Letter: The Best Interests Of UMass And The Town Of Amherst Are Not Always Identical

Photo: amherst.edu

The flap over a ‘workers pavilion’ is a good example of of how, while the fate of Amherst is tied to the University, not all that the University does – or wants to do – is good for Amherst.  The proposed location of the pavilion, on the fringe of campus in North Amherst, is already acutely feeling the strain of single family – to – student rental conversions.  The project would have further increased the impact of UMass on this part of town.

While I do think that Chancellor Subbaswamy has been great for UMass, to reiterate, not everything great for UMass is necessarily good for the town of Amherst and its residents.  e.g.: It has been a boon that UMass has grown into the state’s flagship university.  But the fact that it did so before adding adequate dorm space has meant problems for the town.  The Chancellor was quoted to the effect that Amherst’s problems with student rental housing (distortion of real estate values, and the disruption of residential neighborhoods) were not the University’s problems.  True enough, but the statement failed to acknowledge that the University’s decisions to grow and not address the issues of student housing and the effects students have by moving into residential neighborhoods has resulted in skewed property values, and a decrease in the quality of life for those living in town.  Even UMass faculty are now having problems finding affordable housing.  He also failed to acknowledge that Amherst is in a fairly unique situation, i.e.: it is one of the smallest towns in the country to host a flagship university.  This has only exacerbated the problems posed by the University’s growth.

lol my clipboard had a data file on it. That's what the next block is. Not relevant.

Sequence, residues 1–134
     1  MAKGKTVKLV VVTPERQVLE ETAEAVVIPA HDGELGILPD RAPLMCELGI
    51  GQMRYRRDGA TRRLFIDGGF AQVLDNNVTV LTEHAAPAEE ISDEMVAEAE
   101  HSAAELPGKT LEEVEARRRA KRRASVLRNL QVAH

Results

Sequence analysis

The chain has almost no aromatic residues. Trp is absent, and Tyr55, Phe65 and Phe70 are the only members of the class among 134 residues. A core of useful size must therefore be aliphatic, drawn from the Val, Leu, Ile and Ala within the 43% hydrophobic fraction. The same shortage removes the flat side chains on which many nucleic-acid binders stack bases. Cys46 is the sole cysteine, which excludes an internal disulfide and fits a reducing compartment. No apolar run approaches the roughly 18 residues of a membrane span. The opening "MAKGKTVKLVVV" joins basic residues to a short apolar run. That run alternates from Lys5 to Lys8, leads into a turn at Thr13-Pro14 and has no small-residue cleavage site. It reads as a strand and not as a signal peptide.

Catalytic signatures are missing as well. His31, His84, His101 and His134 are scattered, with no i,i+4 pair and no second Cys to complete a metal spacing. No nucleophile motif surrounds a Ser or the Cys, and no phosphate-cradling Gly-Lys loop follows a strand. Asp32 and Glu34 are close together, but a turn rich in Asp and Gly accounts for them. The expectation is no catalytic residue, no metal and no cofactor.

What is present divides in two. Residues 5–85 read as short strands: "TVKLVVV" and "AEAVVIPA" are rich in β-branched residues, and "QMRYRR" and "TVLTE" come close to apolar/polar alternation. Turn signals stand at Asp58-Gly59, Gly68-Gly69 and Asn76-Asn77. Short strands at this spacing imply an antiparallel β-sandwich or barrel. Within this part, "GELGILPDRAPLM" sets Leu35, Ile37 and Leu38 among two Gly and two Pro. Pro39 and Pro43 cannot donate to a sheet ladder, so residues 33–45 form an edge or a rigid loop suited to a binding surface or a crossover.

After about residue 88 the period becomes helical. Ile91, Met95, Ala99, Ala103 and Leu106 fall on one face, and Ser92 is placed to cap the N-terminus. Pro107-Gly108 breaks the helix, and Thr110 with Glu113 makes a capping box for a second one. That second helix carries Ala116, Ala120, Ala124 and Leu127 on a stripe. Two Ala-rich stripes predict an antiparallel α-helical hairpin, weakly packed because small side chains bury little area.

It is the role of Amherst town government to look out for the welfare of its residents.  This includes standing up to the University when the interests of Amherst’s residents and UMass diverge.  However, since the rearrangement of the town’s governance, from a town meeting to a town council/town manager system, the Town Council has been dominated by a group (Amherst Forward) that has shown a striking deference to the University and little regard for the issues affecting the majority of Amherst’s residents, concentrating instead on ‘economic development’ (read: real estate sales and rentals), and rezoning the downtown to favor wealthy developers who have little or no connection to the local community.  When concerns were voiced to Town Council about the proposed ‘workers’ pavilion’, the official response was essentially, this isn’t our concern, you need to write the chancellor.  Regrettably, unless one is involved real estate transactions, it seems governing Amherst is a do-it-yourself affair.  

John Varner

John Varner is a resident of Amherst,

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